The Whiskey Speech
Friday, May 30, 2008 -- Week of Proper 3
(I'll be on retreat next week. Next Morning Reflection, Tuesday, June 10)
Today's Reading for the Daily Office (Book of Common Prayer, p. 969)
Psalms 31 (morning) 35 (evening)
Proverbs 23:19-21, 29 - 24:2
1 Timothy 5:17-22(23-25)
Proverbs 29f: "Who has woe? Who has sorrow? ...Those who linger late over wine."
1 Timothy 5:23: "No longer drink only water, but take a little wine for the sake of your stomach and your frequent ailments."
Growing up as an Episcopalian in the Bible Belt as an Episcopalian, I experienced our church's tradition of moderation as a distinguishing characteristic. The Episcopal Church was one of the first to embrace the 12-step spirituality of Alcoholics Anonymous, and the perspective that addiction was better handled as a disease needing healing than as a moral failure needing punishment or shunning. Food, drink, and sex are all good gifts from God, we said -- gifts that bring happiness when enjoyed with moderation. That moderate tradition is consistent with the Biblical heritage even though it is inconsistent with the Biblical teachings of the dominant Christian denominations of my origins, churches which were suspicious of pleasures that were so easily misused. In my part of the world, previous generations divided politically and religiously between "wets" and "drys."
My home state of Mississippi was the first state to ratify the 18th amendment to prohibit alcoholic beverages (1918) and the last state to allow legal sales (1966). "Whisky" was a hot political topic, not unlike abortion and gun control today. Some voters were single-issue voters.
One of my dad's best friends was N. S. "Soggy" Sweat. Dad and Soggy were in law school together and served in the Mississippi legislature. Soggy eventually became a Federal Judge on the 5th Circuit Court of Appeals. In 1952, when the Mississippi legislature was debating legalizing liquor, Soggy was a young state representative in his 20's. Soggy gave a speech that became known as the famous "Whiskey Speech," and has been treasured as a great example of American political doublespeak. I don't know that it takes us very far as a Morning Reflection, but with some delight I share it with you:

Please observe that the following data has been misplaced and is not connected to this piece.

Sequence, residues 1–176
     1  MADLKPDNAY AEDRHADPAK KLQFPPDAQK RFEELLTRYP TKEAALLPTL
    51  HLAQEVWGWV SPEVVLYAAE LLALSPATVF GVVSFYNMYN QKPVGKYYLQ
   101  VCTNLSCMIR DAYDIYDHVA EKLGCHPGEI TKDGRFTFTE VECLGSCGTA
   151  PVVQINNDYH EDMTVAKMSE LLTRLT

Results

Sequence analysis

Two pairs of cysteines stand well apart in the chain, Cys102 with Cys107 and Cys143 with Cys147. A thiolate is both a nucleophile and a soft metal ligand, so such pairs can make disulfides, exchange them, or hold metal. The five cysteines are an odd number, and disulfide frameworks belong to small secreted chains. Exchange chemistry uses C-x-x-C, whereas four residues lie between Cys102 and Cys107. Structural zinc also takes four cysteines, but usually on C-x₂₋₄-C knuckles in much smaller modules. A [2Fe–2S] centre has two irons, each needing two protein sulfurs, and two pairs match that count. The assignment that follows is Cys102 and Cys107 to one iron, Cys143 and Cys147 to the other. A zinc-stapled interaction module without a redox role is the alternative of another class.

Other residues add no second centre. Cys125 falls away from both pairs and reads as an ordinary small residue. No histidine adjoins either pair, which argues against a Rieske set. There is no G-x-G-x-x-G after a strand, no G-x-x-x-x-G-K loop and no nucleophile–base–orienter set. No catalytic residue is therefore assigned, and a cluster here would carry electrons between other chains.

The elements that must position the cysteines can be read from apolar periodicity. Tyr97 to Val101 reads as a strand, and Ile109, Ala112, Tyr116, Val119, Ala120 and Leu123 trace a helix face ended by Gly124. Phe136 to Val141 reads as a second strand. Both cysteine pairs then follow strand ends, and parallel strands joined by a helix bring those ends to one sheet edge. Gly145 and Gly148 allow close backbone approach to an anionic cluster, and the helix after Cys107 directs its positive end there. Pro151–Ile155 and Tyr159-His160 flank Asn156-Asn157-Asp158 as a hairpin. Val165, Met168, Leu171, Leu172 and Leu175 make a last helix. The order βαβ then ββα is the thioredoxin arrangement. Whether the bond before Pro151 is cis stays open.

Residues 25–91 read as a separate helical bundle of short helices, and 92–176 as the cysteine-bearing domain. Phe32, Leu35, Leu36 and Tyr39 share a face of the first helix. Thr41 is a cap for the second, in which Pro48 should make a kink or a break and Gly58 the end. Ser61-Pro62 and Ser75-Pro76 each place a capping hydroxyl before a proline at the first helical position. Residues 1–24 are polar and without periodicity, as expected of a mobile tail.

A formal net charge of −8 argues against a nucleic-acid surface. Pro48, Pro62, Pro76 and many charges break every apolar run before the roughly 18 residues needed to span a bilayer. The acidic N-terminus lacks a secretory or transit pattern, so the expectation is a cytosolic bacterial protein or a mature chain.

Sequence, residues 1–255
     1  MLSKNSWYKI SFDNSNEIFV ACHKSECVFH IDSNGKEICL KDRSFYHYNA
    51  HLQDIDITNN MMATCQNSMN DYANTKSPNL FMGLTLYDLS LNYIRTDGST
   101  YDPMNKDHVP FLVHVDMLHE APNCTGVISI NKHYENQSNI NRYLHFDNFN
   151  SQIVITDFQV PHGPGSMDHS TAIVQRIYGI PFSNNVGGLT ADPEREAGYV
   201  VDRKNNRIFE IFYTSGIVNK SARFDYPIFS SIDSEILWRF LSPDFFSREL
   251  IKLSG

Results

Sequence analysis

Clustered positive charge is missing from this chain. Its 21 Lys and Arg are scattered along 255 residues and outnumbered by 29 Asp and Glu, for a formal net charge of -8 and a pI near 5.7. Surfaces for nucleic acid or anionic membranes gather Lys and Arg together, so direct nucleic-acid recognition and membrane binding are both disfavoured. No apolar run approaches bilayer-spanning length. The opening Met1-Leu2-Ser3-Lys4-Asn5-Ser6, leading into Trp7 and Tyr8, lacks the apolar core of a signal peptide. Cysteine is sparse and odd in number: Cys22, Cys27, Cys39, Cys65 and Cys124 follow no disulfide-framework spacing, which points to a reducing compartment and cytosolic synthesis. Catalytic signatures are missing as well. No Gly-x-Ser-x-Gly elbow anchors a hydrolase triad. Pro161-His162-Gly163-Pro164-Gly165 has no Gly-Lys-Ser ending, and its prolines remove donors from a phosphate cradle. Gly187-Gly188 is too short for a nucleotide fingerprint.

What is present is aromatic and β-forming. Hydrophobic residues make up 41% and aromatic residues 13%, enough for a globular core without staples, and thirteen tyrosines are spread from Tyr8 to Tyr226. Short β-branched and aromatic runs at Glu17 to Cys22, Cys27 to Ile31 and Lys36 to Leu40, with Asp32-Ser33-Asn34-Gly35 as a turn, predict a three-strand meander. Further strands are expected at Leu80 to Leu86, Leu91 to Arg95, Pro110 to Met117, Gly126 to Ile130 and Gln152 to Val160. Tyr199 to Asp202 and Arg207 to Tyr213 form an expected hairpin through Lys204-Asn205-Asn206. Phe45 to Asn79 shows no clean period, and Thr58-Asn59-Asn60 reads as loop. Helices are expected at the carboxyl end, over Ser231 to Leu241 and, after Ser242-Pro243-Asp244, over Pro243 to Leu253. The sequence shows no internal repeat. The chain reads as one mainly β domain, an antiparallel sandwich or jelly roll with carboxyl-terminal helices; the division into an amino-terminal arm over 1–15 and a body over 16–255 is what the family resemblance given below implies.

I had not intended to discuss this controversial subject at this particular time. However, I want you to know that I do not shun controversy. On the contrary, I will take a stand on any issue at any time, regardless of how fraught with controversy it might be. You have asked me how I feel about whiskey. All right, here is how I feel about whiskey.
If when you say whiskey you mean the devil's brew, the poison scourge, the bloody monster, that defiles innocence, dethrones reason, destroys the home, creates misery and poverty, yea, literally takes the bread from the mouths of little children; if you mean the evil drink that topples the Christian man and woman from the pinnacle of righteous, gracious living into the bottomless pit of degradation, and despair, and shame and helplessness, and hopelessness, then certainly I am against it.
If when you say whiskey you mean the oil of conversation, the philosophic wine, the ale that is consumed when good fellows get together, that puts a song in their hearts and laughter on their lips, and the warm glow of contentment in their eyes; if you mean Christmas cheer; if you mean the stimulating drink that puts the spring in the old gentleman's step on a frosty, crispy morning; if you mean the drink which enables a man to magnify his joy, and his happiness, and to forget, if only for a little while, life's great tragedies, and heartaches, and sorrows; if you mean that drink, the sale of which pours into our treasuries untold millions of dollars, which are used to provide tender care for our little crippled children, our blind, our deaf, our dumb, our pitiful aged and infirm; to build highways and hospitals and schools, then certainly I am for it.
This is my stand. I will not retreat from it. I will not compromise.
Audio podcast: Listen to an audio podcast of the most recent Morning Reflections from today and the past week. Click the following link: Morning Reflection Podcasts
About Morning Reflections
Morning Reflections is a brief thought about the scripture readings from the Daily Office of Morning and Evening Prayer according to the practice found in the Book of Common Prayer of the Episcopal Church.
Morning Prayer begins on p. 80 of the Book of Common Prayer.
Evening Prayer begins on p. 117
An online resource for praying the Daily Office is found at www.missionstclare.com
Another form of the office from Phyllis Tickle's "Divine Hours" is available on our partner web site www.ExploreFaith.org at this location -- http://explorefaith.org/prayer/fixed/index.html
The Mission of St. Paul's Episcopal Church
is to explore and celebrate
God's infinite grace, acceptance, and love.
Visit our web site at www.stpaulsfay.org
Our Rule of Life
Lowell Grisham, Rector